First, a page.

The New America Care Report proposes systemic change to the early care and learning infrastructure, including additional public and private investment in early care and learning, better training, pay and professionalization of the teaching workforce, as well as policy recommendations to make high quality care more affordable and accessible to all families, including:
- Universal paid family leave
- Expanding and improving cash assistance programs
- Implementing high quality universal Pre-K programs
- Focusing resources on programs aimed at dual-language learners
The following statement can be attributed to Sheila Lirio Marcelo, Founder, Chairwoman, and CEO of Care.com:
“Families are united both in their need for child care and in the challenges they face managing the cost and access to quality care. The Care Index and New America Care Report represent the first comprehensive data deep-dive into this critical topic and we believe it will put a spotlight on the challenges we face as a country and the opportunities we have to do better for all families.”
The following statement can be attributed to Anne-Marie Slaughter, President and CEO of New America:
“This research is especially timely in our current political climate. For the first time, child care is a major issue in the national presidential campaign, and both candidates are putting forward proposals to make child care more affordable for the families who need it.”
For more information, please contact Brigid Schulte, email@example.com.
- For the state-by-state rankings and select metro-level data, view the Care Index here or download it here.
- For analysis of the data, in-depth narratives of the child care experience in four states, video, a complete methodology, and policy recommendations, view the New America Care Report here.
Since launching in 2007, Care.com (NYSE: CRCM) has been committed to solving the complex care challenges that impact families, caregivers, employers, and care service companies. Today, Care.com is the world’s largest online destination for finding and managing family care, with 11.6 million families and 9.1 million caregivers* across 18 countries, including the U.S., UK, Canada and parts of Western Europe, and more than 1 million employees of corporate clients having access to our services. Spanning child care to senior care, pet care, housekeeping and more, Care.com provides a sweeping array of services for families and caregivers to find, manage and pay for care or find employment. These include: a comprehensive suite of safety tools and resources members may use to help make more informed hiring decisions - such as third-party background check services, monitored messaging, and tips on hiring best practices; easy ways for caregivers to be paid online or via mobile app; and Care.com Benefits, including the household payroll and tax services provided by Care.com HomePay and the Benefit Bucks program, a peer-to-peer pooled, portable benefits platform funded by household employer contributions which provides caregivers access to professional benefits. For enterprise clients, Care.com builds employers customized benefits packages covering child care, back up care and senior care consulting services through its Care@Work business, and serves care businesses with marketing and recruiting support. To connect families further, Care.com acquired community platforms Big Tent and Kinsights in 2013 and 2015, respectively. Headquartered in Waltham, Massachusetts, Care.com has offices in Berlin, Austin, New York City and the San Francisco Bay area. For more information, please visit www.care.com.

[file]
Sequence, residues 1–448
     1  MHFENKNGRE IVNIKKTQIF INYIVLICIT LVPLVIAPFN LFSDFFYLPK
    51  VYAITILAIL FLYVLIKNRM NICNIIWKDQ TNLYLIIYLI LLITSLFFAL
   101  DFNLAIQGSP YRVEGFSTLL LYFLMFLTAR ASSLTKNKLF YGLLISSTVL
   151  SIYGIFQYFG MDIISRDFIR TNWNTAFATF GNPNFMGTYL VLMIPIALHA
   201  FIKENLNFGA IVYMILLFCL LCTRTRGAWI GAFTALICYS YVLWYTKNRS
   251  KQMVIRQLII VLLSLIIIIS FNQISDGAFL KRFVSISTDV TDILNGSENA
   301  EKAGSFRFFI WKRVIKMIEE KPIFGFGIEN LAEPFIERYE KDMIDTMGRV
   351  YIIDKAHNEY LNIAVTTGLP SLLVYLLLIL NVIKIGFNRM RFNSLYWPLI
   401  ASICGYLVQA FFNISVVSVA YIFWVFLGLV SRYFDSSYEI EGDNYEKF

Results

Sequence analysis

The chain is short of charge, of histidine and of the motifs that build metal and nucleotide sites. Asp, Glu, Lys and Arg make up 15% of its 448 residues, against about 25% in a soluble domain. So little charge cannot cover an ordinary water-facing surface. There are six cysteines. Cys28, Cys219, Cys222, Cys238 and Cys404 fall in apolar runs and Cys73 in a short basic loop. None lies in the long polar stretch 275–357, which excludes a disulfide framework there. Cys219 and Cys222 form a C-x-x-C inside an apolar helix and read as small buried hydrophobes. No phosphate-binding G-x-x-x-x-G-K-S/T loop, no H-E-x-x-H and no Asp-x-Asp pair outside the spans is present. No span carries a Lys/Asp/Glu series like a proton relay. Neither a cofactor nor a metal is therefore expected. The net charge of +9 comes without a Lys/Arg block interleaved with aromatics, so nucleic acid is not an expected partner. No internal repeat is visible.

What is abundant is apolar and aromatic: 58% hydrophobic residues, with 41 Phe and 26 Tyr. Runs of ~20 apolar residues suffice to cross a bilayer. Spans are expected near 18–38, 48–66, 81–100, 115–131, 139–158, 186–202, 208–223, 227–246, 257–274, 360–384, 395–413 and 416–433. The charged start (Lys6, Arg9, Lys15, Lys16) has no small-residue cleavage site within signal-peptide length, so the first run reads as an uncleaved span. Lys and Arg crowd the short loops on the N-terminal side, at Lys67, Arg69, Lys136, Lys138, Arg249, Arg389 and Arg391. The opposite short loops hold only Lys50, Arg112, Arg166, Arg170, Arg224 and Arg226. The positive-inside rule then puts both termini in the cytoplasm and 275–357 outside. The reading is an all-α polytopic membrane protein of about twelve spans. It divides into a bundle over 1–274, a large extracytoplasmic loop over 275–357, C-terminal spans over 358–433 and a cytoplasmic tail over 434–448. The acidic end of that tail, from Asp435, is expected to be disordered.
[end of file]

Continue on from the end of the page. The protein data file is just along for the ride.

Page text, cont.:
(*As of July 2016)
About New America
New America is a think tank and civic enterprise committed to renewing American politics, prosperity, and purpose in the Digital Age. We generate big ideas, bridge the gap between technology and policy, and curate broad public conversation. In 2014, New America launched the Better Life Lab, which aims to create a community engaged in issues that include work-family balance, improved access to child care, our changing definition of family, and opportunities for female leadership. www.newamerica.org